The Witness for the Prosecution

7| 0h30m| NR| en

The hunt is on to find the murderer of a wealthy glamorous heiress who is found dead in her London townhouse. Based on the short story by Agatha Christie.


Watch Free for 30 Days

All Prime Video Movies and TV Shows. Cancel anytime. Watch Now

Trailers & Clips


Cebalord Very best movie i ever watch
Claysaba Excellent, Without a doubt!!
Dynamixor The performances transcend the film's tropes, grounding it in characters that feel more complete than this subgenre often produces.
Glucedee It's hard to see any effort in the film. There's no comedy to speak of, no real drama and, worst of all.
Leofwine_draca THE WITNESS FOR THE PROSECUTION is another dead-headed drama from the BBC, who seem to have lost the plot when adapting classic fiction for the screen. This one's a two-parter version of the Agatha Christie short story, featuring the acceptable Toby Jones as a lawyer who takes on the case of a young man accused of murdering his female employer. It's a dingy and dismal-looking production, subdued throughout, with poor lighting and mumbled dialogue.Even worse, the performances are nothing to write home about, and that includes Kim Cattrall who seems to be channelling SEX AND THE CITY in her early scenes. Jones is the only one who comes out of this with his reputation intact, and even he's been better elsewhere. The choicest dramatic parts of the story feel rushed through and the emotion rings hollow, particularly at the climax which veers into melodrama.
Fiona Brone Take seasoned actors. Add pompous directions. No grace. No charm. No drama. Andrea Roseborough as the guilty perjurer, let a wonderful opportunity to act from the interior and caused a dead space in the film. Such heavy handed directions weighed the whole series into a muffled hazy mess. Oh what stunning scenes could have been in really tight professional hands.
bob the moo Although difficult, I approached this BBC version of the story by trying to put the Billy Wilder one as far from my mind as possible. Of course that is not easy, and it is obvious from the get-go that this version is much different from the 1950's film of the same name. The way it comes through is very much in the grittiness and darkness of this version; there is no comedy lawyer, no light tone to draw you in – from the start it is a sordid relationship, a dirty piece of rough, stinking jail cells, and a lawyer servicing deadbeats for minimum wage. To be fair, maybe this is what it took to shake off the Wilder memory, because it is very dark throughout.In some ways this is a bad thing, but not many. The strength of this approach becomes clearer as the second part plays out (and this does play better with them back-to-back). The dark tone of everything is paid off with a tremendously impacting ending which not only hits the main mystery, but gives revelation and resolution to the main character too (okay based on an absurd coincidence, but I forgave it that). This had the added advantage of giving something for the viewer who already thought they knew it all, as well as justifying how dark everything had been up until that point. And it had been dark. Indeed, the first episode was almost tiresomely so – I found it to be a real drag as everything seemed aimed at showing how awful everything was. Like I said, this is justified in the end, but I still think it was laid on a bit heavy.In all areas this is the case, but the cinematography is the main one; it looks so murky to the point where it feels like the DOP slapped on an Instagram filter. It felt so heavy handed in this way that it did turn me off a little – and it seemed to highlight how hard everything else was trying to be down and dirty too. Jones' performance is the same in some ways; it works in the entirety, but for a while he feels like he is just playing to the lowest point in a deliberate way. He is still very good though, and the rest of the cast match him, with good turns from Riseborough, Howle, Cattrall, and Dolan (who has the darkest moments with her "not today thank you" denials). As a fan of Utopia, Ready was a surprise find in a small role.Overall this version initially seems to be overcompensating with its darkness at first, but in the end it is more than justified and works really well, even if it makes that first hour a bit harder to get through than it needed to be.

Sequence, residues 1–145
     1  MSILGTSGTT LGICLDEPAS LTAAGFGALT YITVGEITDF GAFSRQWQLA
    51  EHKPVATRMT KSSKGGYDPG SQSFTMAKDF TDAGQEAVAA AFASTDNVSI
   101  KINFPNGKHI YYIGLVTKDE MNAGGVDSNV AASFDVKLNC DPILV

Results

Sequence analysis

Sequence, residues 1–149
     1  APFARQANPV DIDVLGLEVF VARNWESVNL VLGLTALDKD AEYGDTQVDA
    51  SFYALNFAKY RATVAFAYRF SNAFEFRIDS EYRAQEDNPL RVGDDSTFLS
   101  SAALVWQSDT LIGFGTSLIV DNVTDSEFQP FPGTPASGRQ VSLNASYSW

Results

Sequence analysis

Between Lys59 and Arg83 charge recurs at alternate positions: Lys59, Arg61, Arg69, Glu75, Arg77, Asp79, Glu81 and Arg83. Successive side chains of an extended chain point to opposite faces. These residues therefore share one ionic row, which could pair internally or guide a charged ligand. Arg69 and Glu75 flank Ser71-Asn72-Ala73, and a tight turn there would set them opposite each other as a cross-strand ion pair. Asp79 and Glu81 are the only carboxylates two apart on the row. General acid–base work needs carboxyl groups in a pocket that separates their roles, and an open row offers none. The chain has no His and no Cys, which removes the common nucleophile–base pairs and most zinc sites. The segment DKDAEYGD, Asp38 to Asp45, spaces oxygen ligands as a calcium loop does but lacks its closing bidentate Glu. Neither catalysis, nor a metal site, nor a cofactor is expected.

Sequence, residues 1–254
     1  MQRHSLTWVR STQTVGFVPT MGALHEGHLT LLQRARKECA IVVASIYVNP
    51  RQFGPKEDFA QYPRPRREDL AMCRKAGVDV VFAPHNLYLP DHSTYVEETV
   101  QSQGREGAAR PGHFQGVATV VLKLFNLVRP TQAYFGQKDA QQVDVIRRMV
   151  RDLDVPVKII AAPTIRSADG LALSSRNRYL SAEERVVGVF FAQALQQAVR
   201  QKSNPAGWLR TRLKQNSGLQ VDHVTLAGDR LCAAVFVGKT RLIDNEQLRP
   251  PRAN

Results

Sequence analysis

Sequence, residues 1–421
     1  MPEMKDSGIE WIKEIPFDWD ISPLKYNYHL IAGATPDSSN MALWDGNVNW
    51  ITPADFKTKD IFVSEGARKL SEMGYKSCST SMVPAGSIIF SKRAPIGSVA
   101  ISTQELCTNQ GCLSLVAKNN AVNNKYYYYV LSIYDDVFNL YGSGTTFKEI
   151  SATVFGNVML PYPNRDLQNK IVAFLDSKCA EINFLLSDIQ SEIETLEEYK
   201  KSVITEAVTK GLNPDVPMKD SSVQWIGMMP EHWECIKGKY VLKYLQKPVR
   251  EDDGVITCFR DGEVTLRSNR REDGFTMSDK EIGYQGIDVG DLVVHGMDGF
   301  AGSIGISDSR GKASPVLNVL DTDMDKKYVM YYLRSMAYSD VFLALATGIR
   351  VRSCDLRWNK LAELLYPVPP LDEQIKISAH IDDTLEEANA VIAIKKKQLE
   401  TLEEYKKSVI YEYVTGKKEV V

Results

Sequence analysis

vicstevinson This version of Agatha Christie's WITNESS FOR THE PROSECUTION shakes off what can often be goofy about Christie's stories and treats the characters as fully-formed individuals in an historic setting. It's an impressive effort with a shocking cast who inhabit their characters.This is awards season in the U.S. and studios trot out their best efforts in a last minute bid to garner accolades. Were this a feature film, it would surpass many mega-budget films.Director Julian Jarrold -- THE CROWN (2016), BECOMING JANE (2007) and KINKY BOOTS (2005) -- utilizes the strong talent assembled and tells an intriguing story of characters and conflict.Billy Howle as the accused is convincing, constantly eye-catching, fully immersed and impressive. I've seen him in several other projects, including the miniseries GLUE, and he bares great vulnerability on screen, and it's believable.Toby Jones is reliable at being superior and nuanced, he is a huge asset to this series.Andrea Riseborough is enigmatic and surprising. I am accustomed to seeing her in contemporary dramas, and she delivers this character like placid waters with a shark circling beneath, ready to emerge and strike.This version is so satisfying and memorable, I'm almost dreading the big screen, and likely big budget, version coming from Ben Affleck in 2018. His Oscar-bait 2016 film LIVE BY NIGHT shows a love for period pulp, but an inability to stitch it together. This version of WITNESS FOR THE PROSECUTION should be the standard against which his is judged.